Accused driver in Richmond road rage case appears in court

RICHMOND, VA (WWBT) - A first look today at one of two suspects in a deadly road rage case.

40 year old Christopher Sessoms, the accused driver, was arraigned in Richmond traffic court on a felony hit and run charge.

It was a brief hearing. Sessoms wasn't in the courtroom. He appeared by closed-circuit television.

His parents watched from the bench and when it was over didn't want to answer questions about their son.

Out the door and thrust into the public eye, Sessoms parents are said to be upset for their son.

"Please leave them alone," said Sessoms' attorney, Bill Linka.

"Get on, I got nothing to say," said Sessoms' father.

"They're very upset and I'm sure there's nothing I can say that can express their deep sympathies to the family of the young man they're very sorry they're really upset for their son," said Linka.

They watched Sessoms on closed-circuit television from inside the courtroom. Sessoms said he loved them.  His mom blew him a kiss.

Prosecutor Tracy Thorne-Begland said Sessoms was behind the wheel of the red pick up at the time of the September 22nd crash on the Powhite Parkway that killed 24 year old Chris Fisher.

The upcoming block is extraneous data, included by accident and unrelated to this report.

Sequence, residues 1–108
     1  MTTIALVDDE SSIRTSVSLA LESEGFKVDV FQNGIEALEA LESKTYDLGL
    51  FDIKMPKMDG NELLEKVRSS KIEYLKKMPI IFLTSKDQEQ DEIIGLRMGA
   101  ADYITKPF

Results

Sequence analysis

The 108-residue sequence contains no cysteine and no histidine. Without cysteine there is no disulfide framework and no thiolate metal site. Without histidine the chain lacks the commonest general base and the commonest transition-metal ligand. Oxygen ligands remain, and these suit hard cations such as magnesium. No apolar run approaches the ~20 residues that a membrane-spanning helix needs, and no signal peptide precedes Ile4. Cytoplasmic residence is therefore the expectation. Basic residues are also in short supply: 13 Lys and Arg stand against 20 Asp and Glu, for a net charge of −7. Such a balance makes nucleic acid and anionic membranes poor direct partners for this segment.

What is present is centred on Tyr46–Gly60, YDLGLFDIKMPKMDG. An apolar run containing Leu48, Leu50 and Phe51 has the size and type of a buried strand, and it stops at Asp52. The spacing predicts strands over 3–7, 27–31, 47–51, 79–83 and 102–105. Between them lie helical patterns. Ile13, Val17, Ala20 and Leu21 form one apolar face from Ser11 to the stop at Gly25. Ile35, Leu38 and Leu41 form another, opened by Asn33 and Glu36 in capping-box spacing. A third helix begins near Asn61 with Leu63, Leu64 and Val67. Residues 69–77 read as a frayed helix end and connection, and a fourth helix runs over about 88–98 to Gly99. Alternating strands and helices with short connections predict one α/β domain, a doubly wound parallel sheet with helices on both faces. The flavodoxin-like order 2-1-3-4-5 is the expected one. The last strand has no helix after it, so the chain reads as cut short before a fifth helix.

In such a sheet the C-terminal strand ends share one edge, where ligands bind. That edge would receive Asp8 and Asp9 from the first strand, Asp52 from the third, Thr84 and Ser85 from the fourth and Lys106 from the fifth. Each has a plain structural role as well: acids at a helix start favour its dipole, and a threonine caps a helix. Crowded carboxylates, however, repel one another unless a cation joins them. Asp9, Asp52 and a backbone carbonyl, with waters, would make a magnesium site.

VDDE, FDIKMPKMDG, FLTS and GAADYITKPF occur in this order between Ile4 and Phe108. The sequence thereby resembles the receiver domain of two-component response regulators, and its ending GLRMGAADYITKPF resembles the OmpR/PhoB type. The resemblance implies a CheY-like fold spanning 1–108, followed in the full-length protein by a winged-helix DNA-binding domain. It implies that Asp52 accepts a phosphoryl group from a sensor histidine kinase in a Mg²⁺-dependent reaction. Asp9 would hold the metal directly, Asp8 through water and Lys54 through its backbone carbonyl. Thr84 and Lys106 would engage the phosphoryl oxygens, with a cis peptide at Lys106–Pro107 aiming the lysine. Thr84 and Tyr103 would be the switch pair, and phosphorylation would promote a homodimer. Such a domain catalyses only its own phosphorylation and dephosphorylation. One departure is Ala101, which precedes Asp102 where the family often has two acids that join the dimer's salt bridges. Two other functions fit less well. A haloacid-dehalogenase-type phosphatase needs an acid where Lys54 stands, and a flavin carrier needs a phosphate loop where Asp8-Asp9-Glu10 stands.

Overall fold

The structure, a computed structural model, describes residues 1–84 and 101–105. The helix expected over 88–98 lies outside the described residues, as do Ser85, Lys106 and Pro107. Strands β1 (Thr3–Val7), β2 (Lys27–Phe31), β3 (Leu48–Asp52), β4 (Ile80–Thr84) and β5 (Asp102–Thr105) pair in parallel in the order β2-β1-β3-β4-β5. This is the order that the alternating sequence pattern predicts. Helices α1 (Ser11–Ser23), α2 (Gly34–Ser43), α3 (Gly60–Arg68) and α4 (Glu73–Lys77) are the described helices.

Both Sessoms and Charity Dees are charged with felony hit and run.

"Virginia law places responsibility on all occupants of a vehicle involved in an accident involving death or injury to report the offense to police so paramedics can respond with appropriate aid all indications are she never did that," said Thorne-Begland.

But Dees is fighting extradition. She remains in a North Carolina jail on a drug trafficking charge.

Thorne-Begland said he doesn't expect additional charges against Dees in the road rage case, but that may not be the case for Sessoms.

Sessoms meets with his attorney Saturday.

"I think there's several options on the table and I don't think anybody's limited at this point," said Linka.

Should there be talk of bond for Sessoms, Thorne-Begland said he'll put up a fight.

"He fled from the scene of a homicide and was caught after being followed around the southeastern United States by a fugitive task force.  Never turned himself in after being made aware of the homicide, so at this point we believe he's a potential threat to the community as well as potential for flight," said Thorne-Begland.

Sessoms will be back in a Richmond courtroom in December. The Commonwealth hopes the case will be certified to a grand jury.

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